“Being dropped off at the hospital and preparing to face a C-section alone was the most frightening thing I’ve ever done,” she said.

“I was in tears walking onto ward 18, but luckily my midwives Liz and Katie took care of me instantly. I couldn’t have got through theatre without them and they took so many amazing pictures so my partner could see everything he missed.

“Aside from how everyone looked (the PPE being worn), you would never know how crazy the world is at the moment. The care you receive is second to none and I honestly just have an even bigger admiration for the NHS than ever before!”

Ladan and Rhys’ new daughter Rayna was born on April 17th, weighing 7lb 5oz.

Long-awaited “miracle baby” Jack Dewar arrived at Singleton Hospital on the 16th of April weighing 8lb 3oz after his parents Natalie and Nick Dewar went through three rounds of IVF at the Welsh Fertility Institute at Neath Port Talbot Hospital.

Natalie, 38, from Llansamlet, Swansea, said: “As a first-time mum I was extremely anxious and even more so with the current situation and being without my husband until I was in labour and then being on the postnatal ward on my own.

“But everyone made me feel at ease and the care myself and Jack received was brilliant.”

Home births have also continued despite the lockdown.

Lucy Jones hopes her story will help soothe the nerves of other mums to be whose fears will have been heightened by the pandemic.

“Home birth was not something I would even have thought about, but with everything going on in the mad world outside it felt like the safest option for me and my family,” said Lucy, 27, from Port Talbot, who gave birth to Nellie on April 17th.

“I went into labour at midnight and had the most amazing midwives with me who helped me and supported me the entire time while my husband was splitting himself between me and my oldest daughter.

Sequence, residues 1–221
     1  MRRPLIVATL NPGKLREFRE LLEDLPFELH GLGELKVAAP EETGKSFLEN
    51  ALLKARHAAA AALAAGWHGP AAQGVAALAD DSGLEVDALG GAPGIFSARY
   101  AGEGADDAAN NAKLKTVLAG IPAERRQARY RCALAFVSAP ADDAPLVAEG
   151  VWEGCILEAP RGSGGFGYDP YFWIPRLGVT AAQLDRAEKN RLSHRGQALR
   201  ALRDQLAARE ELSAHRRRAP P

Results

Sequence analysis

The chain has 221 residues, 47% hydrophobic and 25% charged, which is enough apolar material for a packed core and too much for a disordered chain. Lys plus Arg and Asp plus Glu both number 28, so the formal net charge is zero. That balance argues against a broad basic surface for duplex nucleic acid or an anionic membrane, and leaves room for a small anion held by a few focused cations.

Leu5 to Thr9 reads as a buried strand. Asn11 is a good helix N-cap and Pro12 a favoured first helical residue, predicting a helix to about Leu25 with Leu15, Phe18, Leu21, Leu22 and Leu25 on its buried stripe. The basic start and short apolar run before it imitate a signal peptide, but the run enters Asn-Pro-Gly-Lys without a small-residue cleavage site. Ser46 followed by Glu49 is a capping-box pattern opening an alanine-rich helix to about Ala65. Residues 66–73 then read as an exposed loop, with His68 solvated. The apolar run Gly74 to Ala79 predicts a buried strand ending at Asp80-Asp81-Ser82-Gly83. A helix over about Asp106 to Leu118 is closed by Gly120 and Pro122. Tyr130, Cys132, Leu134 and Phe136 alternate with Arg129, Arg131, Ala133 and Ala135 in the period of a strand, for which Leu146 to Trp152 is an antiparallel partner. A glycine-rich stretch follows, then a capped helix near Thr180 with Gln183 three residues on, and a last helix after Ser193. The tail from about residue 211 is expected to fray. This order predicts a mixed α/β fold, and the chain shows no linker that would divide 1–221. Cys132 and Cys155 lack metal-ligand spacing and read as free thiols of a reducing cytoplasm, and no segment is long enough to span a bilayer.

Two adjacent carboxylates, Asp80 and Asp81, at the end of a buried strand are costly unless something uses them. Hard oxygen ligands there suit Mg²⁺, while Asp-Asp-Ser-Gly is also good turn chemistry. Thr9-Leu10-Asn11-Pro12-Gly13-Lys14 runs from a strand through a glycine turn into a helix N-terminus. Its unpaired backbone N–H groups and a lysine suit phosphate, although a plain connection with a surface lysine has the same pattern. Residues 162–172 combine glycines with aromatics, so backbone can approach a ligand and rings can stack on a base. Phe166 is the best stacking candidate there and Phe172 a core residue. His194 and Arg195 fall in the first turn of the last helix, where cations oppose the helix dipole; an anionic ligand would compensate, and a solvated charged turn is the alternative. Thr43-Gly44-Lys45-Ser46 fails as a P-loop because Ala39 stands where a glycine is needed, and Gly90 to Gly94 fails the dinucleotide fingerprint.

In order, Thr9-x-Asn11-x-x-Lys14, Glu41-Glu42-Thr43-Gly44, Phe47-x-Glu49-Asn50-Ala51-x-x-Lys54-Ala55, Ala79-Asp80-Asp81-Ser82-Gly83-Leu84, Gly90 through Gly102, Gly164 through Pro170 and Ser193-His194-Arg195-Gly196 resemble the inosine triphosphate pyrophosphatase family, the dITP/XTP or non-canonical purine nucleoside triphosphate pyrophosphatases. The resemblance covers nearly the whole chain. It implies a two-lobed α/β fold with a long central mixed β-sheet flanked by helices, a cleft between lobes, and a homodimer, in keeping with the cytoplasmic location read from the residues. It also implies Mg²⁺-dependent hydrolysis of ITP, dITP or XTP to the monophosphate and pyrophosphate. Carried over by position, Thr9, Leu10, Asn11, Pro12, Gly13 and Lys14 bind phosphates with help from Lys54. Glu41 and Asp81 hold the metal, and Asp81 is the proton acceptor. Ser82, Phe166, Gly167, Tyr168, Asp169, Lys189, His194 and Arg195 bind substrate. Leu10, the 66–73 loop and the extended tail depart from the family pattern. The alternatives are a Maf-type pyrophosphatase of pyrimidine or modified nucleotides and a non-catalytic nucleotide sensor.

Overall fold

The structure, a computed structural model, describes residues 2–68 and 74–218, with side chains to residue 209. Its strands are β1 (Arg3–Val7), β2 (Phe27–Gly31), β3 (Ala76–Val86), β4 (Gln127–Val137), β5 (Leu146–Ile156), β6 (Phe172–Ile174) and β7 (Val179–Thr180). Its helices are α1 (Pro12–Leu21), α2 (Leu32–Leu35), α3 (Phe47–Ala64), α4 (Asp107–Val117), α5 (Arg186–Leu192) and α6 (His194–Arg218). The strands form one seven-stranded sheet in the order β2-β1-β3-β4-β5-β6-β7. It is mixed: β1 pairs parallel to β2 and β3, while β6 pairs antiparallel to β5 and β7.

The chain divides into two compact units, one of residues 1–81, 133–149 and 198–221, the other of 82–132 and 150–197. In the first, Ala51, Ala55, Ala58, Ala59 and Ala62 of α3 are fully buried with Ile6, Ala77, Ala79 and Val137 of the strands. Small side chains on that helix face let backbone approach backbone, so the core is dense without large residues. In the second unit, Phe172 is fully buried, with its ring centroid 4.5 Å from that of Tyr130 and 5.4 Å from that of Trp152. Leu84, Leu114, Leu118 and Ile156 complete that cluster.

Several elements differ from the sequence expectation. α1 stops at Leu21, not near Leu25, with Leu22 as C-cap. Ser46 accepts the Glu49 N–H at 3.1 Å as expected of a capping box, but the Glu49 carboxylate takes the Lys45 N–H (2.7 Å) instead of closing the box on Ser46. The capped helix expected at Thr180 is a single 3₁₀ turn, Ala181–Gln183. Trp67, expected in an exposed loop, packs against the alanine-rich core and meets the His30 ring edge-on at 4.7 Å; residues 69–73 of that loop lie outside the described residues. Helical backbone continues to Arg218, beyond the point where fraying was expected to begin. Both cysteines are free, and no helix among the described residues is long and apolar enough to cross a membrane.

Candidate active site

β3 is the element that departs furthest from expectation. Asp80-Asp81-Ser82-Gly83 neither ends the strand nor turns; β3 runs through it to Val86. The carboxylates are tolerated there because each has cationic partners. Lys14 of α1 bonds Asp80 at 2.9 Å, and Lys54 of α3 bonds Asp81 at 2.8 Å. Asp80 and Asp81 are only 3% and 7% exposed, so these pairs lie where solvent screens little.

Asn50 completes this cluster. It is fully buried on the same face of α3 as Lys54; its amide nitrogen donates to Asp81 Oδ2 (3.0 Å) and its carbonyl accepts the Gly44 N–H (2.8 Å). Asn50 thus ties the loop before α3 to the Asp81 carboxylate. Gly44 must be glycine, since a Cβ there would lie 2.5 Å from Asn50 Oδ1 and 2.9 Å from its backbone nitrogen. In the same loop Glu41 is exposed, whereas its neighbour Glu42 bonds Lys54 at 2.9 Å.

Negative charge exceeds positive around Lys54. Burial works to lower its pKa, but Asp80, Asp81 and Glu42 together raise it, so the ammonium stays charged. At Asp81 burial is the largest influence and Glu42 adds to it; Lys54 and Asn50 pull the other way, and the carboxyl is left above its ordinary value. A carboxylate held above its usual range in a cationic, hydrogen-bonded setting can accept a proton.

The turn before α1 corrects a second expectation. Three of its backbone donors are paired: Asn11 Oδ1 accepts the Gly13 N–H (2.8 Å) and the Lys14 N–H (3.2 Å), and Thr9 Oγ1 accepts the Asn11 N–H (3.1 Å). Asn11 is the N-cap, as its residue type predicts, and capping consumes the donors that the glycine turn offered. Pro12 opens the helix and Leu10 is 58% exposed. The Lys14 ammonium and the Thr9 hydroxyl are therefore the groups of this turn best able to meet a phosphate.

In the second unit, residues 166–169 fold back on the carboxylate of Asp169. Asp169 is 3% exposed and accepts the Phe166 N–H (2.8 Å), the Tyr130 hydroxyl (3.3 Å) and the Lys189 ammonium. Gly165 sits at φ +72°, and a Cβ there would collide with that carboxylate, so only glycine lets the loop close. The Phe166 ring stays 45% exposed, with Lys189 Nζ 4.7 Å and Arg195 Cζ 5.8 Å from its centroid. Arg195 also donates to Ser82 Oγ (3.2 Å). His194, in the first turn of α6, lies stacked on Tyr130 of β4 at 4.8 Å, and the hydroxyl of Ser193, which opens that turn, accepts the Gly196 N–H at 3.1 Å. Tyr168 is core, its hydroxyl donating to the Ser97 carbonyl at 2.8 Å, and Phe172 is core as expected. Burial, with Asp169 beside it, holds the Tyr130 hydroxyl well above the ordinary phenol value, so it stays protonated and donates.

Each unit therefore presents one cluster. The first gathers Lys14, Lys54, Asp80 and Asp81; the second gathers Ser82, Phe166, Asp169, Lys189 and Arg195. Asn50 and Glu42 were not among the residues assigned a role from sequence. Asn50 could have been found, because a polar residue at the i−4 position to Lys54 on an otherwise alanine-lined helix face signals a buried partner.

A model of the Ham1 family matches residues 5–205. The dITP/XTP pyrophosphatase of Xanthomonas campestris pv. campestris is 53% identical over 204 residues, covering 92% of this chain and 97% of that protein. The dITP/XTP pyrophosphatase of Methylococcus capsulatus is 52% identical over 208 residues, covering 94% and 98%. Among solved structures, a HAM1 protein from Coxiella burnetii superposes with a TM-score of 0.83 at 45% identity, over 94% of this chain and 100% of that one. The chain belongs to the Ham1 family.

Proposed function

Image shows Lucy Jones lying on the sofa with baby in her arms. Lucy Jones gave birth to baby Nellie at home. Image: Lucy Jones

“They put my mind at ease that I was in safe hands and I didn’t even think about giving birth during a pandemic, which has had me in tears plenty of times! For that, I will always be grateful!

“For those of you who are due to give birth soon please don’t be scared, worried or anxious. These midwives are amazing. They got it and they got you. You can do this.”

And mum Rose Turrell was so pleased with her birth experience in these strange times that she was moved to write a poem called Lockdown Baby, written from the point of view of her new son Harri, born on March 17th weighing 7lb 5oz.

 

Lockdown Baby

I turned up on St Patrick’s Day

At almost 7am

My midwife’s name was Vicky

A real Bristolian gem

 

A week before the lockdown started

I landed on this earth

No comprehension of the history made

In 2020, the year of my birth.                                

 

The journey started days before

An induction for my mum

She bounced around on her big ball

And rubbed me in her tum.

 

While we were in our bubble

All safe on ward 18

The world was in confusion

Thanks to COVID-19.

 

The staff at Singleton SDU

Were fantastic, truth be told

Reducing the fear of what’s outside

Keeping mothers brave and bold.

 

As my mum labored actively

And dreamt of life with me

My dad watched Boris and the updates

On the labour room TV

 

Some super guys in the theatre team

Sorted out my mum

And I was left alone with dad

To change my wrinkly bum.

 

There were cups of tea and toast and jam

For mummies who were hungry

Advice and care from the nursery nurse

While I tried to feed from mummy.

 

Everyone was amazing

In every place we’d been

We were cared for brilliantly

Despite the emerging COVID-19.

 

I’m eight weeks old and still at home

I long to meet my nanny

But until it’s safe to go outside

I’ll make do with mummy and daddy.